Adelaide Research and Scholarship
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|Title: ||Orthodontic tooth movement and neurotrophins in the rat dento-alveolar complex.|
|Author: ||Moses, James|
|Issue Date: ||2010|
|School/Discipline: ||School of Dentistry|
|Abstract: ||During orthodontic tooth movement, stress is applied on the dento-alveolar complex, initiating a biological response. This response results in the remodelling of the periodontal ligament and the alveolar bone. When a force is placed on a tooth, the periodontal ligament is stretched and compressed depending on the direction of force. On the side where the ligament is stretched, a response resulting in bone deposition is initiated. On the opposite side, where the periodontal ligament is compressed, a response resulting in the resorption of bone begins.
These responses are believed to be modulated by factors that are derived from the immune or nervous systems. When stress is placed on the periodontal ligament, it is believed that nerve fibres and neuroreceptors within the tissue are distorted, leading to the release of neurotrophins and a common concomitant clinical response of pain and pressure. These neurotrophins may interact with cells within the dentoalveolar complex, including fibroblasts, endothelial and alveolar bone cells, resulting in the initiation of bone resorption via the activation of intracellular secondary messengers, which leads to cellular proliferation and differentiation.
Neurotrophin levels may play a role in the modulation of cellular activity in the periodontal ligament during orthodontic movement. They are a family of protein polypeptides which are important in neural cell differentiation and survival. One relatively well studied member of the family, Nerve Growth Factor (NGF), is a polypeptide essential for supporting cholinergic innervation in the brain and sympathetic and sensory innervation in the peripheral tissues. Within the dento-alveolar complex, the function and localization of neurotrophins and their receptors are yet to be determined.
Previous studies have shown that there is an increase in NGF expression in tissues in response to injury, suggesting that NGF expression may increase in regions within the dento-alveolar complex where inflammation and bone remodelling are occurring. A study showed elevated levels of NGF mRNA in human periodontal ligament cells in vitro during increased transcription and translation of the bone-related proteins alkaline phosphatase and osteopontin, suggesting NGF facilitates bone formation. The NGF may be modulating cellular activity within the periodontal ligament.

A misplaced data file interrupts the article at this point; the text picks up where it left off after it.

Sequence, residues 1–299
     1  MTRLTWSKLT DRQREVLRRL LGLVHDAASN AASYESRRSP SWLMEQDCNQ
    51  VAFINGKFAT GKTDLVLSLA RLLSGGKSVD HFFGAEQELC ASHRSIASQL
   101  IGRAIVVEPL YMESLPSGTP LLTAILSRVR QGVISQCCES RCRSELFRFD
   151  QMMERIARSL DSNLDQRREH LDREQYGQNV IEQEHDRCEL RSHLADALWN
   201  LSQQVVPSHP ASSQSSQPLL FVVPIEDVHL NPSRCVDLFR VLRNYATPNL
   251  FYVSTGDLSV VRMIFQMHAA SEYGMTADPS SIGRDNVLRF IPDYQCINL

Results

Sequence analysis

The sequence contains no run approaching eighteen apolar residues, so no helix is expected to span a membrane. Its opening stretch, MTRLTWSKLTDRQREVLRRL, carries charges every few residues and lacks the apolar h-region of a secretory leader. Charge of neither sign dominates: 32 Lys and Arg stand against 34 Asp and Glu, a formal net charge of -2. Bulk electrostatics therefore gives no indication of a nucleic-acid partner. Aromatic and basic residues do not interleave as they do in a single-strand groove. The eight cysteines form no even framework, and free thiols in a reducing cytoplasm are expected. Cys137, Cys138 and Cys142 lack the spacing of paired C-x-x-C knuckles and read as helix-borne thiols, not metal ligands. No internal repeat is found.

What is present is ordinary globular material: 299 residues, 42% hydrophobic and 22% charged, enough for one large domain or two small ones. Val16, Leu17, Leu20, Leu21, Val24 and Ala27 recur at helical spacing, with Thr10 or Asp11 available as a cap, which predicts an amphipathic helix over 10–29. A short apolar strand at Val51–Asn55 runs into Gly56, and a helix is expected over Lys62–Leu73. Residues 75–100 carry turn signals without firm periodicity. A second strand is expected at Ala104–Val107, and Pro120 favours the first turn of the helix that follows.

O’Hara et al. used immunohistochemical staining in the rat dento-alveolar complex to show that there was evidence of an increase in NGF synthesis and release by certain cells or tissues within the region of alveolar bone remodelling during the initial injury response period to orthodontic tooth movement.
Ho used a similar model to test the hypothesis that there may be a positive relationship between the presence of osteoclasts and pre-osteoclasts with areas of NGF localisation. He found no relationship between osteoclasts and areas of NGF; however, his findings showed areas of unknown tissue within the periodontal ligament that were associated with NGF.
To date, the relationship between NGF and the cellular process of orthodontic tooth movement remains unknown. Further studies are required to describe the distribution of neurotrophins and neurotrophic receptors and cellular interactions within the rat dento-alveolar complex.|
|Advisor: ||Sampson, Wayne John|
|Dissertation Note: ||Thesis (D.Clin.Dent.) -- University of Adelaide, School of Dentistry, 2010|
|Keywords: ||orthodontics; neurotrophins; CGRP; tooth movement|
|Appears in Collections:||Research Theses|
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